The wheel and axle is a simple machine system based on the principle of the lever. The wheel and axle consists of a circular disk or cylinder that rotates around a second, much narrower cylinder at its center. In wheel and axle arrangements, the axle is considered the effort arm and the wheel is considered the resistance arm. The junction of the two cylinders acts as the fulcrum of the lever. Simple wheel and axle machines are so common that they often avoid notice altogether.
Rotary Telephone Dial
In older telephones, numbers were entered mechanically by turning a numbered rotor a specific distance corresponding to each digit. As the rotor returned to its resting position, it triggered a series of electrical pulses equal to the digit dialed. These pulses were then transmitted to the telephone system to enter a number. The telephone's rotor acts as the wheel in a wheel and axle system. The axle, a short cylinder at the rotor's center, kept the rotor in place.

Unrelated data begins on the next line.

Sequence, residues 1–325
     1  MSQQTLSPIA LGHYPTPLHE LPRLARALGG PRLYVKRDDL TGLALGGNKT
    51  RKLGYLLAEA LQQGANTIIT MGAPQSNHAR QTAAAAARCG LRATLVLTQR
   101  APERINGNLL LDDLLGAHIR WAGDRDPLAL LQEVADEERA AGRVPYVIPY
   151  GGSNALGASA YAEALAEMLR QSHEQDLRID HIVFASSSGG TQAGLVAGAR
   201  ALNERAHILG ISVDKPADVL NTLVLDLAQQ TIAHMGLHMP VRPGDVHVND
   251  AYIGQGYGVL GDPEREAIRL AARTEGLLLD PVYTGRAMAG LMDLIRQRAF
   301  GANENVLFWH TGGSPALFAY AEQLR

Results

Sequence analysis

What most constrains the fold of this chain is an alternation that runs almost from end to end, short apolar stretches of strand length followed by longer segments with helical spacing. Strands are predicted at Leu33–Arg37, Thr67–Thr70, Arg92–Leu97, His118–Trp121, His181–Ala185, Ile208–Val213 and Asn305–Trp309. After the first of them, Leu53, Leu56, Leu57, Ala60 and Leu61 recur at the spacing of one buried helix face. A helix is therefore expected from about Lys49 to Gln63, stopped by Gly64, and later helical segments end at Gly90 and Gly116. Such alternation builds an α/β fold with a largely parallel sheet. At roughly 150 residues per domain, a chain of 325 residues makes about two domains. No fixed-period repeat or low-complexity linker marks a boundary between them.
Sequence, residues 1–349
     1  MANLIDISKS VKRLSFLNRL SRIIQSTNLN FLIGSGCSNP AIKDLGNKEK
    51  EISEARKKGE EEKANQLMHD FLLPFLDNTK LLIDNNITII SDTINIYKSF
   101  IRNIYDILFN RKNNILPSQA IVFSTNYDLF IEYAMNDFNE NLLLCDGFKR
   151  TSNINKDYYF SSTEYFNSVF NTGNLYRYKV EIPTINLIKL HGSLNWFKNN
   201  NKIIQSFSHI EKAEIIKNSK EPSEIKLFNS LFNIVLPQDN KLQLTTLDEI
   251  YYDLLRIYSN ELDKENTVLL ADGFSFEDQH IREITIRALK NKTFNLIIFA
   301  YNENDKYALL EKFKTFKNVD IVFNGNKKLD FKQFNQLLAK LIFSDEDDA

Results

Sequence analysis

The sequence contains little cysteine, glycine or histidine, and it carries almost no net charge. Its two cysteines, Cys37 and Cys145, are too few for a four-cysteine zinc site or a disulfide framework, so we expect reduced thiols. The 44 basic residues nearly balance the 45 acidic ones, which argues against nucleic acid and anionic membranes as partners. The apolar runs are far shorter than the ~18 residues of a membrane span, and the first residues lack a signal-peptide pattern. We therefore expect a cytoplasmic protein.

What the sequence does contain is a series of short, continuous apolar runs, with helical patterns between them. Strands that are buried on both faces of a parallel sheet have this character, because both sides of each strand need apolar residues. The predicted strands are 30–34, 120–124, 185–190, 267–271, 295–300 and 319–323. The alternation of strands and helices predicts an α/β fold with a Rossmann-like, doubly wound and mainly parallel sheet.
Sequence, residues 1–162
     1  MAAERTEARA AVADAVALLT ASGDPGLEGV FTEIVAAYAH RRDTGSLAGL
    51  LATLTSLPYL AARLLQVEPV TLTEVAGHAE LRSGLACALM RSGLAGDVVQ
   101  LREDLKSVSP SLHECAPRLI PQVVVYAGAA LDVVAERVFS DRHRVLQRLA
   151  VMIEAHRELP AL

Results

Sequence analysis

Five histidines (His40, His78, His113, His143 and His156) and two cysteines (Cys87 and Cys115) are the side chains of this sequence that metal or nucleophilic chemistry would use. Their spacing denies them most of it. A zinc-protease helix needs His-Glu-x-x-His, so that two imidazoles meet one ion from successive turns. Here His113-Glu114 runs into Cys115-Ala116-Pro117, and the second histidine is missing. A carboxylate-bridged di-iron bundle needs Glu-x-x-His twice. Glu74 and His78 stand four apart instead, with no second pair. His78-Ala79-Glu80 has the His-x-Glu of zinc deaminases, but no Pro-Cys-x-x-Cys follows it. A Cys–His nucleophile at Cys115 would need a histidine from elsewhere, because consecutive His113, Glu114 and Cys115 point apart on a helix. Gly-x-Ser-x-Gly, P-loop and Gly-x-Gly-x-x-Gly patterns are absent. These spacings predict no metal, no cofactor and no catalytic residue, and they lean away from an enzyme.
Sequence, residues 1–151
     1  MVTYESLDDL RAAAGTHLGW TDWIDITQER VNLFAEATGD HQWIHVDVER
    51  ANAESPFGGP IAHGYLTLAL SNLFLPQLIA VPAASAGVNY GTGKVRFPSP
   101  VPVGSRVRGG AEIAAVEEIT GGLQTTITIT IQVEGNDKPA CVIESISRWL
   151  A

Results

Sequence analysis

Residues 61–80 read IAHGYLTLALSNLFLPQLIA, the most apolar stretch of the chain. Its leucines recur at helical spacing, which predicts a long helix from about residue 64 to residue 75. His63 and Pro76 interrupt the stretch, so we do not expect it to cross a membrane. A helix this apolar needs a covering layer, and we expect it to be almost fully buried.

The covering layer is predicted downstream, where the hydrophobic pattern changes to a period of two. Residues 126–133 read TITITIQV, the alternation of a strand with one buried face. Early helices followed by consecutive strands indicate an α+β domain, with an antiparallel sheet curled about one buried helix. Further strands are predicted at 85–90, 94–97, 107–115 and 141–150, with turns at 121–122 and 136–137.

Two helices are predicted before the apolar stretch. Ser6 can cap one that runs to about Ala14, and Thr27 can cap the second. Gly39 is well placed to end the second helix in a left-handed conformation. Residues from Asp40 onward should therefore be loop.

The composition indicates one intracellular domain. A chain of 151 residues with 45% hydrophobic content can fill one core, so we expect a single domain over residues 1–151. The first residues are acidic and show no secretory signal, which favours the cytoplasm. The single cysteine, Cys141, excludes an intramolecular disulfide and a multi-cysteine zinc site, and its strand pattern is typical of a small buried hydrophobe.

The handles of a rolling pin are attached to either end of the device's axle. In this case, the wheel is a long cylinder with a shaft bored through its center to accommodate the axle. By holding onto the handles at both ends of the axle, a cook can roll the wheel over dough or other malleable ingredients in order to flatten them for cooking.
In mechanical crank-driven pencil sharpeners, the hand crank serves as an axle in a wheel and axle system. When the crank turns, its base turns a wheel that is attached to gears and screws within the pencil sharpener's housing. These gears and screws strip wood away from the surface of the pencil, leaving a sharpened conical end.
The blades of a windmill radiate from a central rotor. This rotor is a simple wheel and axle, similar in form and function to the wheel and axle within a pencil sharpener or a telephone rotor. As the blades rotate, the wheel and axle turn gears and shafts to transfer energy generated by the wind to other applications, such as electrical generators.
The round, rotating portion of a record player is a wheel that turns around a short, powered axle. When a record is placed on the wheel and the power is on, it rotates the record so that its surface passes beneath a semi-stationary needle, which follows a single, spiraling groove on the record's surface.